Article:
According to the Intercept, Oakland coppers are debating if they should be allowed to kill people with shotgun-armed robots.
Like many things in the US, the debate ended up not with the police changing their mind on the idea, but to change the wording of the demand at least for now.
The department said it will continue to pursue lethal options. When asked whether the Oakland Police Department will continue to advocate for language that would allow killer robots under certain emergency circumstances, Lt. Omar Daza-Quiroz, who represented the department in discussions over the authorised robot use policy, told The Intercept, “Yes, we are looking into that and doing more research at this time.”
So in other words, the police are not immediately going to launch terminators on black people but they are going to investigate the idea.
The cunning plan came up at the a meeting of an Oakland Police Commission subcommittee, a civilian oversight council addressing what rules should govern the use of the city’s arsenal of military-grade police equipment. According to California state law, police must seek approval from a local governing body, like a city council, to determine permissible uses of military equipment or weapons like stun grenades and drones.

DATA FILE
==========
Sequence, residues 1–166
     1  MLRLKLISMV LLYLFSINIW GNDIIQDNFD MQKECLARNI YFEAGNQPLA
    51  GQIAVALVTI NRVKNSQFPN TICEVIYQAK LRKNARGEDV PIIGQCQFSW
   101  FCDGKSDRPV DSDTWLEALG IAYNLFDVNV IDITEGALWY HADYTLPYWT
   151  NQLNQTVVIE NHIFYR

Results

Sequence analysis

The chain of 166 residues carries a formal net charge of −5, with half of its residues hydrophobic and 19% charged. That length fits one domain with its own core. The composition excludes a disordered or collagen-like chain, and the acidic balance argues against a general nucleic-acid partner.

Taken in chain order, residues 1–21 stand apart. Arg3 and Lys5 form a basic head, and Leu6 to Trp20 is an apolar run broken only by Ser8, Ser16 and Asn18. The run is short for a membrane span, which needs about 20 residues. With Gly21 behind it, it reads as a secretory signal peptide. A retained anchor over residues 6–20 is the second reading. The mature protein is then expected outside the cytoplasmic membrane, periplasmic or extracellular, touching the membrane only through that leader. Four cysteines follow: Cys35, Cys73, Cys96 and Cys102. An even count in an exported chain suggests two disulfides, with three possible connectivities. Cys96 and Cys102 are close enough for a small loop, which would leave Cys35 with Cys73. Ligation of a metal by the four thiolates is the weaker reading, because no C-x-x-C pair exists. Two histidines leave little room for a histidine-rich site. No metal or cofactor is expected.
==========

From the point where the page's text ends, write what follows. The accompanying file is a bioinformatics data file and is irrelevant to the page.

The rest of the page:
For two hours the committee looked at the Oakland police’s stable of robots and their accessories. One such accessory is the gun-shaped “percussion actuated nonelectric disruptor,” a favorite tool of bomb squads at home and at war. The PAN disruptor affixes to a robot and directs an explosive force — typically a blank shotgun shell or pressurized water — at suspected bombs while human operators remain at a safe distance.
While describing the safety precautions taken while using the PAN disruptor, Daza-Quiroz told the subcommittee that the department takes special care to ensure that it is in fact a blank round loaded into the robot’s gun. Jennifer Tu, a fellow with the American Friends Service Committee and member of the Oakland Police Commission subcommittee on militarised policing, to ask: “Can a live round physically go in, and what happens if a live round goes in?”
“Yeah, physically a live round can go in,” Daza-Quiroz answered. “Absolutely. And you’d be getting a shotgun round.”
After a brief silence, Commissioner Jesse Hsieh asked the next question: “Does the department plan on using a live round in the robot PAN disruptor?”
Daza-Quiroz said that there were hypothetical scenarios where a shotgun-armed robot might be useful to police.
“I mean, is it possible we have an active shooter in a place we can’t get to? And he’s fortified inside a house? Or we’re trying to get to a person — We’ll only use it in emergencies — but we get to decide what’s an emergency."